What should we do with malicious applications on Facebook that steal our personal data and send us spam?

Malicious applications need to be blocked and reported to Facebook.

I usually advise users to stick to using applications coming from trusted developers as well as thoroughly check the permissions an application requires before allowing it access to your profile.


What is the relevance of AV-Test and AV- Comparatives real-world tests and on-demand tests? I want an expert’s opinion for those who change their antivirus 10 times a year because of these tests.

Av-test and AV-comparatives are respected labs, maintaining a high standard of testing. Their real-world tests (against 0-day malware) are pretty relevant, but it is better to look at them at some 2-3 months periods, this is also a way for you to change products less often.

Regarding on-demand tests – I have to say on-demand test are way outdated, and I would not advise judging by them – they cannot estimate modern protection methods, so real life experience will differ.

If you really care about your protection and are willing to spend some time improving it, I would not be changing software. I would tweak the software settings. Most tests run on default settings and they are a trade-off between protection and ease-of-use. If you want, you can significantly increase protection by using Kaspersky software which is known for wide set of expert controls.

For example, in Kaspersky Internet Security you may set all unknown programs to become high restricted (not low restricted by default). That will block the majority of malicious activity, but it may require you from time to time to manually reset trust for new apps you install. You can also follow detailed instructions on our support site which can help you protect yourself from trojan-ransoms http://support.kaspersky.com/7193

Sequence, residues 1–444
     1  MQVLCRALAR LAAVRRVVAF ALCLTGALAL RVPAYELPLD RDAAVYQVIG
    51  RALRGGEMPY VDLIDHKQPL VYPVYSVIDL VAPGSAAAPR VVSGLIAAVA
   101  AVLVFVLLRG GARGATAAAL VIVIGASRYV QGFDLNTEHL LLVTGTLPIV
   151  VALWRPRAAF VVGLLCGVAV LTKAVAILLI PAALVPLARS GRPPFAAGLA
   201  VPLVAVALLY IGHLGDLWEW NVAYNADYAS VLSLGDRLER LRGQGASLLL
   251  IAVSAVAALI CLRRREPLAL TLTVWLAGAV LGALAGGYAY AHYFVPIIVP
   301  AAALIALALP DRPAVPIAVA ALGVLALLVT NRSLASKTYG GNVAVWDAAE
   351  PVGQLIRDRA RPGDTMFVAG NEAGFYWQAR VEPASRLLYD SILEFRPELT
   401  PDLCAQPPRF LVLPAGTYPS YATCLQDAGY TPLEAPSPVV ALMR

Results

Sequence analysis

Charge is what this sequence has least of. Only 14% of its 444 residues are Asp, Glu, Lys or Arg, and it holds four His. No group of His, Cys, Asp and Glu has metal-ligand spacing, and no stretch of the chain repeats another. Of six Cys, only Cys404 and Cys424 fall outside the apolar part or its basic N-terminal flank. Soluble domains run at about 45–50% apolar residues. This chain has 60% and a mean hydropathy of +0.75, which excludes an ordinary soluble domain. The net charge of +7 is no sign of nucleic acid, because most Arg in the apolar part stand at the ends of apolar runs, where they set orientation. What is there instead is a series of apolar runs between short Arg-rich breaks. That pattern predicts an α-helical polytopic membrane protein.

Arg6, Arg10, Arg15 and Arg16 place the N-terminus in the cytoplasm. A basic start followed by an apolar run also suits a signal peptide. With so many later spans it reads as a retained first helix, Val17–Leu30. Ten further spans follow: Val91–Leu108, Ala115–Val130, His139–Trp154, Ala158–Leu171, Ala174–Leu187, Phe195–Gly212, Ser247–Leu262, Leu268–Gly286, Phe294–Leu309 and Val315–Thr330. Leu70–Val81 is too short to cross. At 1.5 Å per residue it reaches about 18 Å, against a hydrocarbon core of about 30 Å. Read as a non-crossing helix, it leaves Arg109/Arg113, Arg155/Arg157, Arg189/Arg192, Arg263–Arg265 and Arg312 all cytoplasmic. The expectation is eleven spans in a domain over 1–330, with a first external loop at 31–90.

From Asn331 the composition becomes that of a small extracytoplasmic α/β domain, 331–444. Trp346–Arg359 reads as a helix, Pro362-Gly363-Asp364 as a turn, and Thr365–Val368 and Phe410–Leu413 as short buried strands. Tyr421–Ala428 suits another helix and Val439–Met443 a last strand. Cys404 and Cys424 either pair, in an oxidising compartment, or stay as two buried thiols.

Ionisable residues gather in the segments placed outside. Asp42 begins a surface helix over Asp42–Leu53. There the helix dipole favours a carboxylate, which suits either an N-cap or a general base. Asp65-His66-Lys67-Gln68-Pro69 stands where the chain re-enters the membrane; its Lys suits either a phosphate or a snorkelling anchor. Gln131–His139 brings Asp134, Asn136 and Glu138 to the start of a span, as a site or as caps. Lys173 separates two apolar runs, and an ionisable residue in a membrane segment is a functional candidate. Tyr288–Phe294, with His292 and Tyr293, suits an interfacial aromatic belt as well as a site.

Kaspersky’s impact on PC performance is high. Is it possible to minimize this impact?

Good protection always requires some use of computer resources. Other products may exist that claim they are antivirus solutions and operate faster than Kaspersky. However, their level of protection is not on par with Kaspersky Lab. We believe in offering the highest level of protection possible because it is important to protect against all viruses; this may require more operation needs from a PC than other software. Kaspersky Lab continues to explore new technologies that would allow us to move past operations like multi-level file scanning. New technologies would help us use fewer computer resources while ensuring a high level of protection.


Can Webroot Complete work with Kaspersky Pure? I’ve read that Webroot SecureAnywhere Complete doesn’t cause conflicts with other security programs. I had Kaspersky Internet Security and Webroot Essentials previously and they worked fine together.